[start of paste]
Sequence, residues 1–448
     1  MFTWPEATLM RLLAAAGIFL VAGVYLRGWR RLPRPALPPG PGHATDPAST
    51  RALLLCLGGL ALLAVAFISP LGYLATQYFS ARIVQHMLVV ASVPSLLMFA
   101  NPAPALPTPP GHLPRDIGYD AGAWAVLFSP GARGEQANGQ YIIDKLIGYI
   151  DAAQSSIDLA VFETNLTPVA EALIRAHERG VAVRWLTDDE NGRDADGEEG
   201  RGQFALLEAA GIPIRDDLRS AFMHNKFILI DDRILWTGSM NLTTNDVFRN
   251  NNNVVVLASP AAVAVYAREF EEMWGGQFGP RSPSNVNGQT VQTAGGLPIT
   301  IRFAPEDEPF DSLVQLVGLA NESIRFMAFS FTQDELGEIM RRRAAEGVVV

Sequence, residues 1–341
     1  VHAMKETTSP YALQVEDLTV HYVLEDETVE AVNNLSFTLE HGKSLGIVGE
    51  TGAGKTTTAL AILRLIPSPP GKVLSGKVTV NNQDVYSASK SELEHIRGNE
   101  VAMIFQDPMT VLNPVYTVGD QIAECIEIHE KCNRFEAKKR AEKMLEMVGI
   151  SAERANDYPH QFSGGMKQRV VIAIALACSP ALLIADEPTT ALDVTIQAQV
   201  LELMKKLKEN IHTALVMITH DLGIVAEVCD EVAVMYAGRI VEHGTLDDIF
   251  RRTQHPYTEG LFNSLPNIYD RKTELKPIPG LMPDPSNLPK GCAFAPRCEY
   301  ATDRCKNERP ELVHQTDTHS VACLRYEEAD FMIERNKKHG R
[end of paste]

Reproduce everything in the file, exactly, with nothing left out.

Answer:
Sequence, residues 1–448
     1  MFTWPEATLM RLLAAAGIFL VAGVYLRGWR RLPRPALPPG PGHATDPAST
    51  RALLLCLGGL ALLAVAFISP LGYLATQYFS ARIVQHMLVV ASVPSLLMFA
   101  NPAPALPTPP GHLPRDIGYD AGAWAVLFSP GARGEQANGQ YIIDKLIGYI
   151  DAAQSSIDLA VFETNLTPVA EALIRAHERG VAVRWLTDDE NGRDADGEEG
   201  RGQFALLEAA GIPIRDDLRS AFMHNKFILI DDRILWTGSM NLTTNDVFRN
   251  NNNVVVLASP AAVAVYAREF EEMWGGQFGP RSPSNVNGQT VQTAGGLPIT
   301  IRFAPEDEPF DSLVQLVGLA NESIRFMAFS FTQDELGEIM RRRAAEGVVV

Sequence, residues 1–341
     1  VHAMKETTSP YALQVEDLTV HYVLEDETVE AVNNLSFTLE HGKSLGIVGE
    51  TGAGKTTTAL AILRLIPSPP GKVLSGKVTV NNQDVYSASK SELEHIRGNE
   101  VAMIFQDPMT VLNPVYTVGD QIAECIEIHE KCNRFEAKKR AEKMLEMVGI
   151  SAERANDYPH QFSGGMKQRV VIAIALACSP ALLIADEPTT ALDVTIQAQV
   201  LELMKKLKEN IHTALVMITH DLGIVAEVCD EVAVMYAGRI VEHGTLDDIF
   251  RRTQHPYTEG LFNSLPNIYD RKTELKPIPG LMPDPSNLPK GCAFAPRCEY
   301  ATDRCKNERP ELVHQTDTHS VACLRYEEAD FMIERNKKHG R